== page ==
In February, 2019, I was diagnosed with breast cancer, aged 53, after it felt like I tore or strained a muscle in my chest. Unfortunately, the lump was more than that. In March I had a biopsy of two tumors, one behind the nipple and another in an armpit lymph node. At the same time, a scan confirmed metastasis to the lungs in two small spots. A subsequent genetic test was negative. I did have a pre-existing genetic condition, Brigade Syndrome, but it was not active in my heart.
My general health was good, and I exercised each day and worked out with cross training, running, tennis, and weights. I had a plant-based diet with some meats.
The lung biopsy report showed I was estrogen receptor positive 1-3, 80-90%, progesterone receptor positive 1-3, 60-70%, and her2/neu: equivocal 2+, metastatic
2.5cm, 0mm, .8 cm, .4 cm nipple area 4.5×2.2cm x 1.8cm armpit
From March to September I had chemotherapy consisting of intravenous Taxol, Herceptin, and Perjeta. Side effects included some diarrhea and hair loss. A subsequent CT scan showed the tumors enlarged by one-third. Surgery followed, and although the tumors were enlarged, the tumors were removed, including 16 lymph nodes, and margins were clear.
At the same time, I was enrolled in Foundation one, a clinical trial to match code to code on any drugs that can be used to treat the tumors and reduce the ones on the lungs. Report is the foundation to the future treatments seen below.
In August, I had 15 radiation treatments. On the last two treatments, and for one month after, my skin started peeling, and wounds opened somewhat. A November CT scan showed I was stable, with no change.
From November 2019 to March 2020, there was a change in regimen, Letrozole 2.5 mg, and Ibrance 125 mg, oral once a day each for three months. Side effects included tiredness, some metal mouth, on and off appetite, and some diarrhea. On March 5, 2020, a CT scan showed growth of three tumors on lungs to one-third more. Other satellites were still the same.
From March to May 2020, I was put on a new regimen, Taxotere and Carboplatin, intravenous for three weeks, with 4 mg Dexamethasone twice a day, before and after chemo. Booster shot after by .5 mg. Side effects included insomnia for four days and I had sleep paralysis for five minutes, plus hair thinning. Overall, I was tired and had soreness in my thighs and arms, a little diarrhea, metal mouth, hair loss, acid reflux, blotching, back pain, and leg weakness.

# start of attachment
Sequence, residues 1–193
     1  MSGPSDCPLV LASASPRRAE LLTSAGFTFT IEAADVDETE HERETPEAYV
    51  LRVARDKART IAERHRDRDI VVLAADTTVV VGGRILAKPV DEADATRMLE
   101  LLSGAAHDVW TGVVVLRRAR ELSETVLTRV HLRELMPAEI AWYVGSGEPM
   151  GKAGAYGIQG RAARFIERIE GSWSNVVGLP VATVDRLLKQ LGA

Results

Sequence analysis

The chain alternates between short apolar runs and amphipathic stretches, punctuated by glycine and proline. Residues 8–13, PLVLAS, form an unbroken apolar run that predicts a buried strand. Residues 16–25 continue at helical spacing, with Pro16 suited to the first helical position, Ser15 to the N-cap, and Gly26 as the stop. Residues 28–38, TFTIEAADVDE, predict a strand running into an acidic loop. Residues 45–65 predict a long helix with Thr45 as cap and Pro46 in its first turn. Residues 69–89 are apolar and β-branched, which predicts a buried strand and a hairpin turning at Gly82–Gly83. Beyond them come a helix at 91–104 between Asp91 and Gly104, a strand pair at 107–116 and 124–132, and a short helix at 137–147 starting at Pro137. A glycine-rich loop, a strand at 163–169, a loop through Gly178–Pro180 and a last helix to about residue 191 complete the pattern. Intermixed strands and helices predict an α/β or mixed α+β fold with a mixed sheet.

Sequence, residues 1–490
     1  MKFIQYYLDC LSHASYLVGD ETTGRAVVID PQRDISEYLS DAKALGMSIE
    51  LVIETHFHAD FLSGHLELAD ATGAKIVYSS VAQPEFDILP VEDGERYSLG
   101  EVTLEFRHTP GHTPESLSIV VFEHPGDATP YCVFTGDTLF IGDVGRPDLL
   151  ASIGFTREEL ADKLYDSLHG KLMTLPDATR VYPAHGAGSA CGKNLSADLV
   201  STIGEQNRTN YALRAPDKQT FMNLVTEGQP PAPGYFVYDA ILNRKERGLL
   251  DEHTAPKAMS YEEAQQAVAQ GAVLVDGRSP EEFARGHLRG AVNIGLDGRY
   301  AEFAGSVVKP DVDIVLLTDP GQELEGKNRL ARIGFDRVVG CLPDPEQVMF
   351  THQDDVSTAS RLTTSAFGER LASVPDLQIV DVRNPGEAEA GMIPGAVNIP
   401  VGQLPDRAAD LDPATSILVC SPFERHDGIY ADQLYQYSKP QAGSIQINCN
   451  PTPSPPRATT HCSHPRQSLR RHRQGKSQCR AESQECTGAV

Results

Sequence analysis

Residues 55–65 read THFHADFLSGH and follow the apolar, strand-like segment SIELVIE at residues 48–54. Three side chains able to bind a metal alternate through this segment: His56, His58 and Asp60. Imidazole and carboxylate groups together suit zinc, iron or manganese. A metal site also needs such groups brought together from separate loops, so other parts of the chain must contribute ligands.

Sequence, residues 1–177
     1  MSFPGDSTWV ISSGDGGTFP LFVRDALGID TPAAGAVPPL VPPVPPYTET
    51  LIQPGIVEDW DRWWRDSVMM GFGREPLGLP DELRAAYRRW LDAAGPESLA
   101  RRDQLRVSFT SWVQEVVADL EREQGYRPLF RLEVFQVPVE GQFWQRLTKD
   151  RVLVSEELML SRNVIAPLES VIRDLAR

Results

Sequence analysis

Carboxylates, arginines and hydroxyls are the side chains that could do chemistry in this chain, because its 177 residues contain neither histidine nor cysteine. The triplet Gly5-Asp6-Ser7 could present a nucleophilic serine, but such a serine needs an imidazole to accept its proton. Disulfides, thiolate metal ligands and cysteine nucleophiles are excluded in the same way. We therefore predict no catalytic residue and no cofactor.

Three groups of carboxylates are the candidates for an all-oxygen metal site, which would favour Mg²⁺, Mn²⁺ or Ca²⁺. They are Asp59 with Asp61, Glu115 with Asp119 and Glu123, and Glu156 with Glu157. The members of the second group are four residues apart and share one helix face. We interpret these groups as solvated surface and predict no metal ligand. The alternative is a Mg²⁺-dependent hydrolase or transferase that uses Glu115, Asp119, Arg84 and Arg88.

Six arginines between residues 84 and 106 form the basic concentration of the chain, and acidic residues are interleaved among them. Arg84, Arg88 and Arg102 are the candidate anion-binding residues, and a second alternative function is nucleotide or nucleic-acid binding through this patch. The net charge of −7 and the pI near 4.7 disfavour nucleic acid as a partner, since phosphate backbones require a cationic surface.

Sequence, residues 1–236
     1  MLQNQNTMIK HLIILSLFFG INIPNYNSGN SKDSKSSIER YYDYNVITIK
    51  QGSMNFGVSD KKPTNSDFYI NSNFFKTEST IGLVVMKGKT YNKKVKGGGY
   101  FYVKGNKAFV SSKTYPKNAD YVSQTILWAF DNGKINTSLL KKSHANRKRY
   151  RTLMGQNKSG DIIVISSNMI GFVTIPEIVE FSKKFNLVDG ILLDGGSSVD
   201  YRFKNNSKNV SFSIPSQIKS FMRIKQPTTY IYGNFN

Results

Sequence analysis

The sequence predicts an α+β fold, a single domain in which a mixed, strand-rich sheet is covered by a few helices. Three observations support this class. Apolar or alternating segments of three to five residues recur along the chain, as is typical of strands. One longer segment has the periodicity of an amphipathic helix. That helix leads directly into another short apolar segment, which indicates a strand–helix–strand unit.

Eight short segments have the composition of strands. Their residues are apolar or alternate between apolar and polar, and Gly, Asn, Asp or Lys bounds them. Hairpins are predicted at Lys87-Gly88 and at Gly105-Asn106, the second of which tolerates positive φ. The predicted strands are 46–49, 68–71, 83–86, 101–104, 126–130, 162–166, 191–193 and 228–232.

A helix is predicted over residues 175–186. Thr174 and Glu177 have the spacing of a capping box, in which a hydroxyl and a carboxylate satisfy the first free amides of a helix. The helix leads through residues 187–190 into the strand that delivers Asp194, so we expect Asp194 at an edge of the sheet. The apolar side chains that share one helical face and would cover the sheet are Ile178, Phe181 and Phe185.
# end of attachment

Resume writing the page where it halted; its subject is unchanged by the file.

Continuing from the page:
In May, a CT scan showed slow growth of same three tumors on lungs. Satellites were stable. I was suffering from water retention, 16 lbs of water, and my right arm was swollen due to lymph node removal and chemo. I started Lasix and Dexamethasone, one tablet a day.
In late May, I was put on a new regimen: Bicalutamide 50 mg, three tablets a day, and intravenous Doxorubicin. No side effects so far. Immune system will reduce to nothing on the second week, so I must remain indoors.
Currently on Doxil, and only side effect is hand-foot syndrome which is being treated with steroid cream to contain the rash.
My appetite is now fine; three glasses of milk each day, plant-based diet generally, 5 oz meat a week, no tofu, low sugar, lots of fruit, spicy food to sooth the stomach and tongue, and water, always about 80 oz a day. Exercise, 2-4 miles a day, some at training, and tennis.
In summary, I have all the support from all my family, sister and family, brother and family, Mom and Dad, my girlfriend, my other friends, and others that have gone through it and are survivors. All are supportive and protective of me, especially in this COVID era.
I told everyone of my diagnosis after one month, as it’s best to not bottle it up inside. All my clients also know and they are all supportive of me in making sure I am able to rest and not over stress.
My outlook in life is to bring the insight of male breast cancer to all I meet. Bring all that I encounter happiness, and show that the journey will end with a happy ending someday. The big celebration will occur after and all will be in this celebration of love and happiness.